Learning from Failure

Work thumb

Views: 100

  • Title: Learning from Failure: Postwar Efforts to Establish a World Food Reserve
  • Author(s): Bryan McDonald
  • Publisher: Common Ground Research Networks
  • Collection: Common Ground Research Networks
  • Series: Common Ground Open
  • Journal Title: Food Studies: An Interdisciplinary Journal
  • Keywords: Food Insecurity, Food Reserve, Food Crisis, Famine, Food Policy
  • Volume: 8
  • Issue: 4
  • Year: 2018
  • ISSN: 2160-1933 (Print)
  • ISSN: 2160-1941 (Online)
  • DOI: https://doi.org/10.18848/2160-1933/CGP/v08i04/1-15
  • Citation: McDonald, Bryan. 2018. "Learning from Failure: Postwar Efforts to Establish a World Food Reserve." Food Studies: An Interdisciplinary Journal 8 (4): 1-15. doi:10.18848/2160-1933/CGP/v08i04/1-15.
  • Extent: 15 pages

Abstract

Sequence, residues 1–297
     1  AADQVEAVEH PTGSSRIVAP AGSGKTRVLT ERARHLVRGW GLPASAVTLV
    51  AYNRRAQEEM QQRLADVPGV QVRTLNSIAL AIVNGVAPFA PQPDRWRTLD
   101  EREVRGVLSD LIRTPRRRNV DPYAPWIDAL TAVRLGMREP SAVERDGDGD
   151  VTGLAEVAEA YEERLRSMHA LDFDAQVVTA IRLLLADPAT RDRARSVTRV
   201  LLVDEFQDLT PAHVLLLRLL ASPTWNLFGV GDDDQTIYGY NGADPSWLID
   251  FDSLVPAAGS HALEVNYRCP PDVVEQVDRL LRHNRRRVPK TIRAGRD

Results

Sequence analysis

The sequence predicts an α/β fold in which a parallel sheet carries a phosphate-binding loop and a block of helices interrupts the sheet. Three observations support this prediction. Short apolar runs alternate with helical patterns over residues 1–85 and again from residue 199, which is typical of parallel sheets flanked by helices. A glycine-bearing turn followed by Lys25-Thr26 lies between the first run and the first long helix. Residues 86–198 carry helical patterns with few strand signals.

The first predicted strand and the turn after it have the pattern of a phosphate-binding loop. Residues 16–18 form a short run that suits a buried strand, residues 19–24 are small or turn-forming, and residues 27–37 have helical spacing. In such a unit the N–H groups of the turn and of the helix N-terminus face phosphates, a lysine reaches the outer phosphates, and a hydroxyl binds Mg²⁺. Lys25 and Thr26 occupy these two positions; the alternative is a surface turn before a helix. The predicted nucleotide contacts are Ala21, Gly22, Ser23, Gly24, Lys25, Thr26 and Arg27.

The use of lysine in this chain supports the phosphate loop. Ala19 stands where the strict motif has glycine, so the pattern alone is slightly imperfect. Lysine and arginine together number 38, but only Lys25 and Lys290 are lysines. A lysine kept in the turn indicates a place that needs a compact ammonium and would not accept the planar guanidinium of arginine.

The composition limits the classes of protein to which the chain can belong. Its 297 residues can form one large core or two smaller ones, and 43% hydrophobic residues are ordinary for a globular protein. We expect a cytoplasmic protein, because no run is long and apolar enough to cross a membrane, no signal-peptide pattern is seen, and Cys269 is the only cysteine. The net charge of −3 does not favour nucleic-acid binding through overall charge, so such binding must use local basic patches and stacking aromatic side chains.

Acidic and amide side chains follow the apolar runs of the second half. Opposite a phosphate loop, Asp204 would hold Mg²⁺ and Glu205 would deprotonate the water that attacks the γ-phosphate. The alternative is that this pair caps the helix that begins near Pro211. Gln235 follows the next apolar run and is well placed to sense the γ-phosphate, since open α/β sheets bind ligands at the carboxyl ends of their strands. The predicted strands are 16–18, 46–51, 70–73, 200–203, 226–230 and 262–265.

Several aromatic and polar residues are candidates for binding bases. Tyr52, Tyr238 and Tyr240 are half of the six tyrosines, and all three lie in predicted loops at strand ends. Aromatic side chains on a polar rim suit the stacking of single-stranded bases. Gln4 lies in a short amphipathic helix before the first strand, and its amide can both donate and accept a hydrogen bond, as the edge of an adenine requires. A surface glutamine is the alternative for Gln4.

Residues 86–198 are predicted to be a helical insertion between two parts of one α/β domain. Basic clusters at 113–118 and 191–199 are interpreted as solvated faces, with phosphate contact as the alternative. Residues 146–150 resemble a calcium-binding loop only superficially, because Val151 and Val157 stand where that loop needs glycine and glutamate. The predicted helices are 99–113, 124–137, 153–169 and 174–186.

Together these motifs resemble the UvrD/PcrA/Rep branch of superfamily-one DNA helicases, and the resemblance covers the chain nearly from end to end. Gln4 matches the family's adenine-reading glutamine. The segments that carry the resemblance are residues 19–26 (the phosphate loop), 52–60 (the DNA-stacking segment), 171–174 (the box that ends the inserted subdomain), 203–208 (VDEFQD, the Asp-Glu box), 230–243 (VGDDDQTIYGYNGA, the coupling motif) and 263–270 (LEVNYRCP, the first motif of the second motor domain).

In the wake of World War II, policymakers in nations such as the United States, along with the leaders, staff, and representatives to the Food and Agriculture Organization of the United Nations (FAO), sought to understand and address the short- and long-term causes of food and agricultural problems. This article examines the ways that tensions between national sovereignty and international problem-solving prevented the creation of a world food reserve that could be used to address food crises. For almost a decade, multiple leaders of FAO and panels of experts endorsed the value of establishing some form of reserve that the world could rely on in times of food emergencies. Through three waves of activity in the years after World War II—beginning with the ambitious World Food Board, the more limited International Commodity Clearing House, and the multiple expert-generated plans, including the exceptionally flexible Plan of Three Circles—FAO policymakers and planners were unable to overcome the reluctance of member nations to give up national control over even a limited aspect of agriculture and food production. This article examines the proposals made by FAO between 1946 and 1953 to explore the challenges between state control over agricultural production and international efforts to establish a world food reserve—challenges that persist today. Ultimately, we see that in order to better address global food insecurity, we must understand this critical tension between national sovereignty and international action.